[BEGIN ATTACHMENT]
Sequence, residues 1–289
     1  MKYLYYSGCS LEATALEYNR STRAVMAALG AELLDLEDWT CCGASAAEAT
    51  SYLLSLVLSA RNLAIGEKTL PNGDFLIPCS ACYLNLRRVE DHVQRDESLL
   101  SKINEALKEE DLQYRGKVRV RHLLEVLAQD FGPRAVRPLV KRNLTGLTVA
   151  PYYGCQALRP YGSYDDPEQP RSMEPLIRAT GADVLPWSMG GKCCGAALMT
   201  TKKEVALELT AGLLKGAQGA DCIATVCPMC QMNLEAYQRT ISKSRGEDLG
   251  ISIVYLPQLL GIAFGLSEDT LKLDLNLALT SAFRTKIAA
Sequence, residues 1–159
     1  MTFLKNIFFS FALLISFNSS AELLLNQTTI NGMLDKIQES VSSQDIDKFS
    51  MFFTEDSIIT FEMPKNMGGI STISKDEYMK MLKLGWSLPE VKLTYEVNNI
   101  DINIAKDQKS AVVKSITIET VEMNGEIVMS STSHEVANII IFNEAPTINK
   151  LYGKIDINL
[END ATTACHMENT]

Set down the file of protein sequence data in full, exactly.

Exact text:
Sequence, residues 1–289
     1  MKYLYYSGCS LEATALEYNR STRAVMAALG AELLDLEDWT CCGASAAEAT
    51  SYLLSLVLSA RNLAIGEKTL PNGDFLIPCS ACYLNLRRVE DHVQRDESLL
   101  SKINEALKEE DLQYRGKVRV RHLLEVLAQD FGPRAVRPLV KRNLTGLTVA
   151  PYYGCQALRP YGSYDDPEQP RSMEPLIRAT GADVLPWSMG GKCCGAALMT
   201  TKKEVALELT AGLLKGAQGA DCIATVCPMC QMNLEAYQRT ISKSRGEDLG
   251  ISIVYLPQLL GIAFGLSEDT LKLDLNLALT SAFRTKIAA
Sequence, residues 1–159
     1  MTFLKNIFFS FALLISFNSS AELLLNQTTI NGMLDKIQES VSSQDIDKFS
    51  MFFTEDSIIT FEMPKNMGGI STISKDEYMK MLKLGWSLPE VKLTYEVNNI
   101  DINIAKDQKS AVVKSITIET VEMNGEIVMS STSHEVANII IFNEAPTINK
   151  LYGKIDINL